Plan­ning com­mis­sion begins ex­am­i­na­tion of WCD

Calls for con­cept poli­cies for fam­ily prop­erty trans­fers

Maryland Independent - - Front Page - By MICHAEL SYKES II msykes@somd­

Af­ter a weather-in­duced de­lay ear­lier in the month, the Charles County Plan­ning Com­mis­sion made it through its first work ses­sion ex­am­in­ing the county’s new com­pre­hen­sive plan.

Over the next 60 days, the plan­ning com­mis­sion will work to write rec­om­men­da­tions to the Charles County Board of Com­mis­sion­ers based on public com­ments from pre­vi­ous lis­ten­ing ses­sions and pre­vi­ous ap­provals by the plan­ning com­mis­sion.

Plan­ning Com­mis­sioner Wayne Ma­goon pointed out that the ini­tial plan for the wa­ter­shed con­ser­va­tion district that was sent to the board of com­mis­sion­ers by the plan­ning com­mis­sion is dif­fer­ent from the one that has been sent back to the plan­ning com­mis­sion­ers for fur­ther vet­ting. The WCD has come un­der fire from res­i­dents in the pro­posed district in western Charles County, with many res­i­dents claim­ing the WCD re­stricts de­vel­op­ment and prop­erty trans­fers from pri­vate

landown­ers, while those in fa­vor of the WCD say the pro­posed conser va­tion district would help pro­tect the Mat­ta­woman Creek Wa­ter­shed from dam­age due to de­vel­op­ment.

“Take it for what it is. But es­sen­tially 27 items were over­turned in one meet­ing,” Ma­goon said. In­cluded in that, he said, was the one dwelling unit per 20 acre den­sity ra­tio the com­mis­sion­ers de­cided on that was in­creased from one unit per 10 acres.

But with new public com­ments and con­cerns, rather than fo­cus­ing on the plan’s dif­fer­ences, the com­mis­sion chose to ad­dress cit­i­zens’ con­cerns of the trans­fer of lots be­tween fam­ily mem­bers. Plan­ning Com­mis­sion Chair­woman An­gela Sher­ard re­quested con­cep­tual poli­cies from plan­ning staff for the next meet­ing that could al­low for the con­veyance of prop­erty through fam­ily.

Steve Ball, the county’s direc­tor of plan­ning, said the con­veyance of prop­erty was one of the cit­i­zens’ main con­cerns along with al­low­ing for greater im­per­vi­ous sur­face lim­its for churches and schools as well as de­lay­ing the im­ple­men­ta­tion of any wa­ter­shed con­ser­va­tion district reg­u­la­tions for two years.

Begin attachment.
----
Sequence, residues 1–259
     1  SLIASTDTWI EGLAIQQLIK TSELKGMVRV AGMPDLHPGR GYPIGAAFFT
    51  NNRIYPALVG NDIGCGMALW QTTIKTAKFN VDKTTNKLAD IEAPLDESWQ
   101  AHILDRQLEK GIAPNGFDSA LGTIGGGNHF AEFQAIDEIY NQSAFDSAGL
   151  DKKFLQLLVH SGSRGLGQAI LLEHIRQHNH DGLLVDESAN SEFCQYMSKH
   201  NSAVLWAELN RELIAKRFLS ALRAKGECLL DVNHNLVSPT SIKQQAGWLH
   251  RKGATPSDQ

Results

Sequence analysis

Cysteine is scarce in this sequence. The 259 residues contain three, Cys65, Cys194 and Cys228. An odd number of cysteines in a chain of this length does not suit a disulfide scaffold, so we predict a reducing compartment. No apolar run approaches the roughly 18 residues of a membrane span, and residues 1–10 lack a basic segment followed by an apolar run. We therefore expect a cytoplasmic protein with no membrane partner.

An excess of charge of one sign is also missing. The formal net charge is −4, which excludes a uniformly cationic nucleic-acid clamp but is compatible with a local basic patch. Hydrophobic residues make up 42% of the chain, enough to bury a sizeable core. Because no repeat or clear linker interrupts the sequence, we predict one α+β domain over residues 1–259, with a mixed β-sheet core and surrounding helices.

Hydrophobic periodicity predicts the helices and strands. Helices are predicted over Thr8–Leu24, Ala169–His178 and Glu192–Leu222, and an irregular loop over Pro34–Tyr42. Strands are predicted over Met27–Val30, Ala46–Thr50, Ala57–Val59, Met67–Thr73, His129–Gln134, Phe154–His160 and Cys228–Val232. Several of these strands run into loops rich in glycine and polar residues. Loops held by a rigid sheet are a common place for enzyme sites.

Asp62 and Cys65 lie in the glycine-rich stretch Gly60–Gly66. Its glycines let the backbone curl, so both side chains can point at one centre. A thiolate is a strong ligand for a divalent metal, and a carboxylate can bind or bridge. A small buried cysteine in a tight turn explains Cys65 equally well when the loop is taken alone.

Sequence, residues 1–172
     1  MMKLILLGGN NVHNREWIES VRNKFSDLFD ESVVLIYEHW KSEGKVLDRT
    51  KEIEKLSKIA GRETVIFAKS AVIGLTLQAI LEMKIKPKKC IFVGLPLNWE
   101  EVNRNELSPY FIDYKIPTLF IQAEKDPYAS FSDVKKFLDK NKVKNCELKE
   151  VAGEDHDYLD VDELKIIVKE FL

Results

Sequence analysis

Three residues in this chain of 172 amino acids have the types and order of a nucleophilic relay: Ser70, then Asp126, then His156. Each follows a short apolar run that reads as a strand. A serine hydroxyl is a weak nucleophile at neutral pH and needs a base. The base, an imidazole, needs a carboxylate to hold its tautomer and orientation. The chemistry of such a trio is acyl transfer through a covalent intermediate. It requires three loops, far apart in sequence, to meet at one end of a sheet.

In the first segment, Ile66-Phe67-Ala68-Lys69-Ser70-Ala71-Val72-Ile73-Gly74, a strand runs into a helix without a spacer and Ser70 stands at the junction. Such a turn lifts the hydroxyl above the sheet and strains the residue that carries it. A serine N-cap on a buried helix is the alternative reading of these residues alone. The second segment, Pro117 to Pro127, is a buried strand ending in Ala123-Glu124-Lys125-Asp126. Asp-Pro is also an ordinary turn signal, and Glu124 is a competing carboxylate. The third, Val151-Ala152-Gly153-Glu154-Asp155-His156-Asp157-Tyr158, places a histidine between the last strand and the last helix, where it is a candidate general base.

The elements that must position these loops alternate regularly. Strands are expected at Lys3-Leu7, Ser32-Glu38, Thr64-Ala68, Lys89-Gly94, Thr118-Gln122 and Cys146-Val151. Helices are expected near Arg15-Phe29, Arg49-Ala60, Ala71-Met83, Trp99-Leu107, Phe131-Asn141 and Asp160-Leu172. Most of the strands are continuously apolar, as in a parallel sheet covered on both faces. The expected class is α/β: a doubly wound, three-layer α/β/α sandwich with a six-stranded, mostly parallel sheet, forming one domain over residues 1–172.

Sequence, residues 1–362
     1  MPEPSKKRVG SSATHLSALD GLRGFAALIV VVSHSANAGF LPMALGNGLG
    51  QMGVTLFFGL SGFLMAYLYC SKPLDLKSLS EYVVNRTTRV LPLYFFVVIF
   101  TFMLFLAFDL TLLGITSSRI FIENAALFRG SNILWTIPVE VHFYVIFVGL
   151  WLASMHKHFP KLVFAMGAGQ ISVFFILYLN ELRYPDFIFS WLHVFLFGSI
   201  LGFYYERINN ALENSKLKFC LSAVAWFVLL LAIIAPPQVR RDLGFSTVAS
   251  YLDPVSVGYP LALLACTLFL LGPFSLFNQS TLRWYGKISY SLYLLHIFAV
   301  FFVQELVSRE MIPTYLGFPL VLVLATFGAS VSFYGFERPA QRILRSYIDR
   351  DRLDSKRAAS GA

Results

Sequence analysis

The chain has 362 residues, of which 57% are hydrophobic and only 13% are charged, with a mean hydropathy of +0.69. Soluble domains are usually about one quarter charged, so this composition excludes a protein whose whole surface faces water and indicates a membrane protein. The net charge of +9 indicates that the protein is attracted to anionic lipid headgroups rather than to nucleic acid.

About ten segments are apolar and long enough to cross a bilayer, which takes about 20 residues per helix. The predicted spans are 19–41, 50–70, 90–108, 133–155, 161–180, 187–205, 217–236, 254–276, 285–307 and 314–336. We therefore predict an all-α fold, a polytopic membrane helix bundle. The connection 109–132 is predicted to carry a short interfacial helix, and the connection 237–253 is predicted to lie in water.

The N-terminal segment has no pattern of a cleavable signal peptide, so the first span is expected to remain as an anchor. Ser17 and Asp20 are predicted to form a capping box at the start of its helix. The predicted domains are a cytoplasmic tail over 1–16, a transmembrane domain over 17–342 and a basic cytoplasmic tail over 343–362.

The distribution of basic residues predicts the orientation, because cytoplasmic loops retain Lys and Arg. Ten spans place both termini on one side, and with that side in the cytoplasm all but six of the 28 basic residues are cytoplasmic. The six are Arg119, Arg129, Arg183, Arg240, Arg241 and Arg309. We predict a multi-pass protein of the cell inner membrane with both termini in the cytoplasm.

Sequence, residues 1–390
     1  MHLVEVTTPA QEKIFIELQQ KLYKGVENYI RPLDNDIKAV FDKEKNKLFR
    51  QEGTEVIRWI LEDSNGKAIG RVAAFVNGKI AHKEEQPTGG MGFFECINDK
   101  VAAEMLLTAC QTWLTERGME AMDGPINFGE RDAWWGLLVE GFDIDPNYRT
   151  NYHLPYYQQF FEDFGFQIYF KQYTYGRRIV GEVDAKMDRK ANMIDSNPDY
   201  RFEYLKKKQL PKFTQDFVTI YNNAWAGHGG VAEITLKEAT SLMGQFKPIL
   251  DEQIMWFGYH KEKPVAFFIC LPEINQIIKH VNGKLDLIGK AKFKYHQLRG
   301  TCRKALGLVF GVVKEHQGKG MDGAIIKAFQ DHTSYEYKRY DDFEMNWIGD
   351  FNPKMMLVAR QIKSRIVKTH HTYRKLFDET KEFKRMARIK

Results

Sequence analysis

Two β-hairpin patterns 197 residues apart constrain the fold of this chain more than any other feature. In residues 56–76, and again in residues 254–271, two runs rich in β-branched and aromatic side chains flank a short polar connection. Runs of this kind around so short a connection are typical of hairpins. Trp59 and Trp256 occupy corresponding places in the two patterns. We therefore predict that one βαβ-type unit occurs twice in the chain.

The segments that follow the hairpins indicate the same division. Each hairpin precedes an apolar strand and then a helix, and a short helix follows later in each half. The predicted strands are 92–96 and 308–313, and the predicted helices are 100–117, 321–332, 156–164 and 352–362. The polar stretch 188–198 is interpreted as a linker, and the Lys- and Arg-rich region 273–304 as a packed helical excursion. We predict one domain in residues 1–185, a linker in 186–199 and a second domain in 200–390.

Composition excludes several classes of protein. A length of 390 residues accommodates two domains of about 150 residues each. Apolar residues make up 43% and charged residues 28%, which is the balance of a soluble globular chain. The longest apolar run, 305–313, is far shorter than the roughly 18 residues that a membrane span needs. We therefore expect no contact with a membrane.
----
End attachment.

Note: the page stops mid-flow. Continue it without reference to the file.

Vicki Mar­ckel, one of two new mem­bers of the plan­ning com­mis­sion, asked plan­ning staff what the county would have to do to con­sider al­low­ing a “con­veyance” pro­gram in the wa­ter­shed con­ser­va­tion district.

But Steve Kaii-Zei­gler, the direc­tor of the county’s De­part­ment of Plan­ning and Growth Man­age­ment, said con­veyance of prop­erty through fam­ily is not some­thing the de­part­ment would “rec­om­mend that or sup­port it at the staff level” be­cause of its po­ten­tial to cre­ate smaller sub­di­vi­sions and cir­cum­vent reg­u­la­tion.

“It has the po­ten­tial to chew up those prop­er­ties with lots, not dis­sim­i­lar to our typ­i­cal pre­lim­i­nary plan process,” Kaii-Zei­gler said.

Kaii-Zei­gler said he has seen the process of con­veyance for fam­ily mem­bers in other ju­ris­dic­tions used as a loop­hole to cre­ate smaller sub­di­vi­sions. It is dif­fi­cult to keep the prop­erty use sim­i­lar from gen­er­a­tion to gen­er­a­tion, he said, and makes it more dif­fi­cult for counties to man­age them.

Rarely, he said, has he seen the process work. How­ever, he said, he and staff will put to­gether con­cep­tual poli­cies for the next meet­ing.

How­ever, Mar­ckel said, the county could have the po­ten­tial to reg­u­late how many years a prop­erty must re­main in a fam­ily for con­veyance. There may be ways the county could ex­plore, she said, to make it work for cit­i­zens.

“I un­der­stand we may be go­ing into un­charted ter­ri­tory, but so does the wa­ter­shed con­ser­va­tion district,” she said.

Kaii-Zei­gler said there may not be a “magic num­ber” of years a fam­ily wants to own a prop­erty be­fore it is per­mit­ted to be con­veyed. And the county also can­not con­trol how the prop­erty is split up among fam­ily mem­bers.

But Plan­ning Com­mis­sioner Rosemin Daya said the county does not need to go through “fam­ily de­tails” and can po­ten­tially work around the land re­stric­tions that would al­ready be in place.

Ul­ti­mately, she said, a so­lu­tion should be worked out to bring about a com­pro­mise for fam­i­lies who have owned prop­erty for decades.

“I would like to see us come up with some sort of com­pro­mise with fam­ily land. I think we need to be able to give those fam­i­lies the op­por­tu­nity to re­tain it,” she said. “We clearly don’t want this to be abused but I think we need to look at those fam­i­lies that have been in Charles County for so long and have this land.”

Sher­ard said she knows en­force­ment of a pol­icy like that “could be dif­fi­cult,” but is some­thing the com­mis­sion could po­ten­tially ex­plore.

Kaii-Zei­gler said the county could open it­self up to re­duc­ing the ef­fects of the com­pre­hen­sive plan on the area be­cause of the po­ten­tial of smaller sub­di­vided prop­er­ties on fam­ily land.

Re­search shows that the county’s one dwelling unit per 20 acres will pro­vide a ben­e­fit to farm land and pre­served ar­eas while the 8 per­cent im­per­vi­ous sur­face limit is set to keep pol­lu­tants from en­ter­ing the wa­ter­shed ar­eas, Ball said.

Those both present two dif­fer­ent ben­e­fits for the county, he said, but could also be talk­ing points in the dis­cus­sion about fam­ily con­veyance.

Ul­ti­mately, Kaii-Zei­gler said, he would be “more than happy” to come up with con­cep­tual poli­cies to con­tinue the dis­cus­sion about con­veyance in the next plan­ning com­mis­sion meet­ing.

The com­mis­sion­ers are not set to meet again un­til April 10.

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